Early Christmas tree decorations
The early 20th century saw Americans decorating their trees mainly with homemade ornaments, while the German-American sect continued to use apples, nuts, and marzipan cookies.
Popcorn joined in after being dyed bright colors and interlaced with berries and nuts.
Electricity brought about Christmas lights, making it possible for Christmas trees to glow for days on end.
With this, Christmas trees began to appear in town squares across the country and having a Christmas tree in the home became a tradition.
Did you know about the history of the Christmas tree? Let us know in the Comments section below! We´d love to hear from you. Why not plant an evergreen Christmas tree with your Bios Urn?
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Lucy Hughes says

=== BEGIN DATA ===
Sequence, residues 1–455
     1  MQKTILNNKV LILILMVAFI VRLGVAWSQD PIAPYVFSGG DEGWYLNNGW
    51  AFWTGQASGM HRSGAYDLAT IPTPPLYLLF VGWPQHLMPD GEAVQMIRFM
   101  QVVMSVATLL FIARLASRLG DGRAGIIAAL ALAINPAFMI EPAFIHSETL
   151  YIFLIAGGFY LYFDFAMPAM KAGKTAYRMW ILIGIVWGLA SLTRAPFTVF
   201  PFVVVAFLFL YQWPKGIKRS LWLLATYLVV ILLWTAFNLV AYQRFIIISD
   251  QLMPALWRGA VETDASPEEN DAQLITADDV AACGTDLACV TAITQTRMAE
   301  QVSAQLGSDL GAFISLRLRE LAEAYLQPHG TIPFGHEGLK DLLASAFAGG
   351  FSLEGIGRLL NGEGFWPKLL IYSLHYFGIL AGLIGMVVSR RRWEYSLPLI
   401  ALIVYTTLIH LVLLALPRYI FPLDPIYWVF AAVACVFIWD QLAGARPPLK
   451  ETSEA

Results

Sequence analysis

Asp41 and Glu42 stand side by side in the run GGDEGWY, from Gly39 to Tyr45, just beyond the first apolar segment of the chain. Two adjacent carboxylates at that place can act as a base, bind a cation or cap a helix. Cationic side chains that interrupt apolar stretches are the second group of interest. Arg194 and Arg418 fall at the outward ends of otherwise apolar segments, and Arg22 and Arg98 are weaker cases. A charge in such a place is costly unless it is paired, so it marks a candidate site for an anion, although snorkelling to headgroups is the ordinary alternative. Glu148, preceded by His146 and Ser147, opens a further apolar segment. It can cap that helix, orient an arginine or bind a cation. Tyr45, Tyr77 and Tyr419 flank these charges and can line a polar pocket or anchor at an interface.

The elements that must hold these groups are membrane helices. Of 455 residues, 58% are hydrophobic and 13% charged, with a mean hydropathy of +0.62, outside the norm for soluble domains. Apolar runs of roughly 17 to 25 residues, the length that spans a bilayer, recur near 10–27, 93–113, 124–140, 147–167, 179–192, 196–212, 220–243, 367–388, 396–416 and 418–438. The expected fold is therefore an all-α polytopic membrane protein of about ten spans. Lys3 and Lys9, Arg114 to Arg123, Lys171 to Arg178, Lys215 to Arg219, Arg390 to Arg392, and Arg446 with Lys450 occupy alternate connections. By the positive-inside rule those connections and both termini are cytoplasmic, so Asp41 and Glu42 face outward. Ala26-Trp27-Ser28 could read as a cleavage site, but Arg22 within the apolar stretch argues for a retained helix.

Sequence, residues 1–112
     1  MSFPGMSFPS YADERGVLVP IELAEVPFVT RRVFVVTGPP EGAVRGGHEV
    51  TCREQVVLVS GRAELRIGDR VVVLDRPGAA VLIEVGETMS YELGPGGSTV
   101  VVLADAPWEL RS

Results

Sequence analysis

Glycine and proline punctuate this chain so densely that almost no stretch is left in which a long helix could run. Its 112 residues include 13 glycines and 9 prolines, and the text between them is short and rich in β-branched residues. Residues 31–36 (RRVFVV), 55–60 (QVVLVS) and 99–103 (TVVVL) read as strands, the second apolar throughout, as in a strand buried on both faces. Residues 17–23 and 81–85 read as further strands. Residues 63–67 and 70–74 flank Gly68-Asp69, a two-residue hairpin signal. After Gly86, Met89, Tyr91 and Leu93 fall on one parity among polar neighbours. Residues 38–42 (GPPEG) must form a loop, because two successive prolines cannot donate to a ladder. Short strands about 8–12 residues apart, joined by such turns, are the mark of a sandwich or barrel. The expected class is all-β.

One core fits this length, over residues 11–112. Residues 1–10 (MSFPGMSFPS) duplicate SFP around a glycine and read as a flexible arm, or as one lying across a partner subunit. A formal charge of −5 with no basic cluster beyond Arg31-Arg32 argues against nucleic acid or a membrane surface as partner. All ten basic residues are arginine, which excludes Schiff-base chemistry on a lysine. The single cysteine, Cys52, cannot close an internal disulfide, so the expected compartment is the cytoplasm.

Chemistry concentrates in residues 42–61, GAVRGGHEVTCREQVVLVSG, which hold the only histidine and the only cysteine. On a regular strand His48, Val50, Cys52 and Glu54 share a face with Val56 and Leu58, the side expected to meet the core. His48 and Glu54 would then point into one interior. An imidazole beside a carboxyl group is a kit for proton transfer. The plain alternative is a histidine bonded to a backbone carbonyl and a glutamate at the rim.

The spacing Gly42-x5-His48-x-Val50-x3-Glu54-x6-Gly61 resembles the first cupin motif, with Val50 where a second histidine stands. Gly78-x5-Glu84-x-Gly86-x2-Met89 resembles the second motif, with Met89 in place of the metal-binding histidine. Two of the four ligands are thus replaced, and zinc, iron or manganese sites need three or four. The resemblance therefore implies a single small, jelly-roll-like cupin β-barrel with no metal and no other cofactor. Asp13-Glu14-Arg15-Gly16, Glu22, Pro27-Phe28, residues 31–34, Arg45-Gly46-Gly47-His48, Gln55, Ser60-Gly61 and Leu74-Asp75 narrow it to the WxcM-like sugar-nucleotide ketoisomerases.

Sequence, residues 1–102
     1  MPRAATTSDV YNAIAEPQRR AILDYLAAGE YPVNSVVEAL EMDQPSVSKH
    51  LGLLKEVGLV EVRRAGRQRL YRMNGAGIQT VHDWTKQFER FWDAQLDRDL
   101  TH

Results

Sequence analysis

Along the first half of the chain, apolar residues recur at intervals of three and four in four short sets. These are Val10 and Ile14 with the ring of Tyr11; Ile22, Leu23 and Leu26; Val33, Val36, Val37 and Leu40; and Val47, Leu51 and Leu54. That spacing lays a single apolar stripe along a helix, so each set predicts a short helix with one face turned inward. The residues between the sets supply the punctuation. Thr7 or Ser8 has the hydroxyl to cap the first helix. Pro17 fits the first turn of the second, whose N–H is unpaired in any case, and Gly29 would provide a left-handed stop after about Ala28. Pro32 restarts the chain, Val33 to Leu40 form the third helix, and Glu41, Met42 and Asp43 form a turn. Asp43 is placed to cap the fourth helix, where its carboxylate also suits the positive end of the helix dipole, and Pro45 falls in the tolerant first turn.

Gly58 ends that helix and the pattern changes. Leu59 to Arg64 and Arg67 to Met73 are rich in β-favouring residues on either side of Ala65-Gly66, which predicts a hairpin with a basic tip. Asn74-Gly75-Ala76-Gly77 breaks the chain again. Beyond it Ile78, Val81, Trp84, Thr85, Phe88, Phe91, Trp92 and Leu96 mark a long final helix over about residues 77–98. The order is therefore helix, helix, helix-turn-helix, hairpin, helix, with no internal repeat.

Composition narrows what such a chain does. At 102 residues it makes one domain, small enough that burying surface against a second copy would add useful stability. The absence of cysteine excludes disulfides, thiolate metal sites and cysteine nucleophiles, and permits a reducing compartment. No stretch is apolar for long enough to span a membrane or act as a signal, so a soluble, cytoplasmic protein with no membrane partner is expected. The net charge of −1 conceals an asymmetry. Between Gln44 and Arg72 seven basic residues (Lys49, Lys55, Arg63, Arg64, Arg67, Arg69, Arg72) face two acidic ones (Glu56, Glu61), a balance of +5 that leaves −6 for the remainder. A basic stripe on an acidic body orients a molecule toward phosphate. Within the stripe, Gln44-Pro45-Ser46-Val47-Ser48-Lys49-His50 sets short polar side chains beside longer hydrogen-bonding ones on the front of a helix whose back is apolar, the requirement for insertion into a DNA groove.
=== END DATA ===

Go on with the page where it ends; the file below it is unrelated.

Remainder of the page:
I had never heard that story before. But I find it rather enjoyable since my daughter kept insisting it was the Christians who brought it. I knew better. What does a tree have to do with Christ? Just another child thinking she knows best. Lol
Bios Urn says
Thank you for your comment Lucy. We also found it a very interesting story to investigate! The Christmas tree has become such an integral part of our lives and its interesting to know why. The article explains why it was this specific type of tree that came to symbolize Christmas, but true we didn’t touch on the name “Christmas Tree”. Historically, Christmas is celebrated to remember the birth of of Jesus Christ, who Christians believe is the Son of God. The name ‘Christmas’ comes from the Mass of Christ (or Jesus). A Mass service (which is sometimes called Communion or Eucharist) is where Christians remember that Jesus died and then came back to life. So the tree probably got its name “Christmas tree” at some point in time relating to the religious day, so your daughter is not wrong 🙂
Phyllis Pajka says
I have had your urn for several years and always thought about what kind of tree I have them plant in it. Now I have made my decision. I will have a Christmas tree planted in it and when it grows larger, plant the whole thing in the ground. I think that’s a good idea
Bios Urn says
Phyllis we love reading this!! A very unique and evergreen tree choice